L2 Sugestions - Small field..

Hello All,
Its been a while since my L1 cert and now that the weather is getting better
I've started thinking about getting my L2 cert. My club flies out of a few
fields but they usual one is pretty small. Well let me clarify that, it's a
huge field, but contains a swamp or two, trees, all kinds of stuff that
likes to gobble up rockets.
I'm looking for a nice big rocket that will stay low on a J (~2000ft) and
still get some altitude on K-L (4000ish) when I attend bigger fields. I'm a
little lost looking at a lot of manufactures. I could used any suggestions,
links and reviews.
Thanks everyone!
-Cat
Reply to
cat
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Get a LOC Magnum..
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Launches to just under 2000' on a A/T J350, or similar size motor, depending on how heavy you build it. On a 54 mm K or L motor you can get up to a mile + or -; once again, depending on weight and motor combination. Right now, I have a four fin version on my work bench; glassed airframe, with a 76 mm motor mount. My LDRS bird, if I get to go.
Fred
Reply to
W. E. Fred Wallace
suggestions,
A good friend of mine used a LOC Bruiser EXP for his L2.
Low and Slow at 667 feet on a J350, single deploy.
The same rocket has a nice 54mm motor mount with two outboard motors for air starts and lots of altitude.
22 pounds, 7.5" in diamter and about 11 feet tall.
Reply to
AlMax
Make sure you have a 12 foot rail and a windless day just to be safe on the J350.
the J570 will kick its butt so the wind is less of a worry.
Reply to
AlMax
Al, You just made my day. In the future, I was thinking about using a Bruiser for a small M level 3 flight but would also like to fly it on a 38mm J, a 350 or 570, but wasn't sure if it would be enough motor for the Bruiser.
wick
Reply to
wickball
I have to agree with Phil on this one, not a rocket :) -cat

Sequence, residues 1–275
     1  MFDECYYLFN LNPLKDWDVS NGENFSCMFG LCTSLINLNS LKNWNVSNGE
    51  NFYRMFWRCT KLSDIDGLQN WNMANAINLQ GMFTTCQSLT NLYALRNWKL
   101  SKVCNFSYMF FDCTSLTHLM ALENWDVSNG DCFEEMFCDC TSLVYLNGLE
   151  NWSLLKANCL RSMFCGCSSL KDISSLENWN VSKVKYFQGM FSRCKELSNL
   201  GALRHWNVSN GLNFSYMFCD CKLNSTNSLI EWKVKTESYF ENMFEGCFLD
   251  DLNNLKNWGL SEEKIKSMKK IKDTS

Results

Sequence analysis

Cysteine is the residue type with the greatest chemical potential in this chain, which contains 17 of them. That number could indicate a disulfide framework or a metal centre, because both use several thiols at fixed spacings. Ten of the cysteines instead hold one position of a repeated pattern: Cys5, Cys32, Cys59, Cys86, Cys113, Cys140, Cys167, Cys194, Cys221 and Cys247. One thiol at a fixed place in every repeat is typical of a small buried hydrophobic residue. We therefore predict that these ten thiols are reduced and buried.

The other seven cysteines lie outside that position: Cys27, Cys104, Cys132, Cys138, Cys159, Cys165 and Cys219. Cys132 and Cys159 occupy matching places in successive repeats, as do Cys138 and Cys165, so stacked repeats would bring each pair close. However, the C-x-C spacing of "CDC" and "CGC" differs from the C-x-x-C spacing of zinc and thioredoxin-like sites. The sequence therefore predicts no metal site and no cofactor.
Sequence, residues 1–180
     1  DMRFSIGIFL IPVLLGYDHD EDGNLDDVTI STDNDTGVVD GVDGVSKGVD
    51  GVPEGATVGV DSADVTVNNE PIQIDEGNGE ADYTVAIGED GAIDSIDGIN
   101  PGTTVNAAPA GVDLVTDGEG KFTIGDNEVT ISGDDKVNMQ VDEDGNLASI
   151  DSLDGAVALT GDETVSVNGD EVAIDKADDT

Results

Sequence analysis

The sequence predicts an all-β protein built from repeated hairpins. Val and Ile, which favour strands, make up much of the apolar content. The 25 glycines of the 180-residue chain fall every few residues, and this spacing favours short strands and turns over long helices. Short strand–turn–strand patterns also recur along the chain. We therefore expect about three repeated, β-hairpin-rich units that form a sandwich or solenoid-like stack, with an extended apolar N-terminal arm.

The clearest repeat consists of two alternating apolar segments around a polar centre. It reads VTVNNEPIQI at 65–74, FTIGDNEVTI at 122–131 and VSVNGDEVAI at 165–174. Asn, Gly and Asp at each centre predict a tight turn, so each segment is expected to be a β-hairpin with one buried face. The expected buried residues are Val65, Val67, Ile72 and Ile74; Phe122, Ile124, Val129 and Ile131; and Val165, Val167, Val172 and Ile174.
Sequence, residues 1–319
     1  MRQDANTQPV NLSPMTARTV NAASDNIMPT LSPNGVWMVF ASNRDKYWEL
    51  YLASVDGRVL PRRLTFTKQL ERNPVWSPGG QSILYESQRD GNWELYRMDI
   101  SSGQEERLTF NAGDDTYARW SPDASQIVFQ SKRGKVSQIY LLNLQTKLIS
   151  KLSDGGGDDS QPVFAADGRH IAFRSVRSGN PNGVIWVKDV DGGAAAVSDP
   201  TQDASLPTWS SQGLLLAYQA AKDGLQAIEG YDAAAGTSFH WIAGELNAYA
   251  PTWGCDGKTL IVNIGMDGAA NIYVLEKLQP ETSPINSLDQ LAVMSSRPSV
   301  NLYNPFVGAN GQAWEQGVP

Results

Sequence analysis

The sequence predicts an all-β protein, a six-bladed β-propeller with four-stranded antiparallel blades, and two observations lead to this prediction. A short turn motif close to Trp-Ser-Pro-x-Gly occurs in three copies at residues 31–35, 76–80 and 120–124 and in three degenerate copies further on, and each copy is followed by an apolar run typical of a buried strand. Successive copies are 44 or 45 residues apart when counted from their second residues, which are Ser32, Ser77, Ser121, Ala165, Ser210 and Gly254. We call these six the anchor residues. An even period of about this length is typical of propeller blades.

"Will Marchant" L2 saucer. That will stay low! 8)
Reply to
cat
"AlMax"
I've been looking at LOC, and the Bruiser has been at the top of my list, but @ +/- $300 i was giving it second thoughts. Whats the air frame made out of? its just cardboard isent it? Its a very nice looking rocket, and i love slow take offs.
-cat
Reply to
cat
There aren't a lot of fiberglass (out of the box) kits around are there? Maybe I can borrow the space and glass one of the LOC kits. Someone suggested Polecat (I thought they where out of business) are there any other mfgs selling glassed out of the box kits?
-cat
Reply to
cat
If your certification team approves. There is lots of discussion on both the TRA and NAR lists about using drag recovery "rockets" for certification. The majority opinion is that a deployable recovery device (i.e. parachute or streamer) is required. Many people will not participate in a certification using a saucer.
From your description of the field is sounds like landing proximity is more a concern than altitude (although the two are correlated). Dual deployment will help with this. You could use a smaller/lighter rocket with a streamer at apogee and set the main for 500ft or so. Fly it on a baby J (PRO38 J285, for example).
Reply to
Alex Mericas
I completely agree with Alex that you should talk to your cert team *before* you select and start building a cert rocket at *any* level.
I think the jury is out about the necessity of deployment at the L1 & L2 levels. I think it more likely that it is a vocal minority that feels deployment is neccessary. You won't know until you talk with your local folks. I certed on a saucer at L1 and my local prefects were very supportive. Tripoli requires electronic deployment (of something) for L3.
Once again, in my opinion, you should be talking to your local cert team before you start buying and building.
If you feel you have to have nylon *and* a saucer you might look at the
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I haven't seen it in person but the local club bought one and seems happy with it. Will
Alex Mericas wrote:
Reply to
Will Marchant

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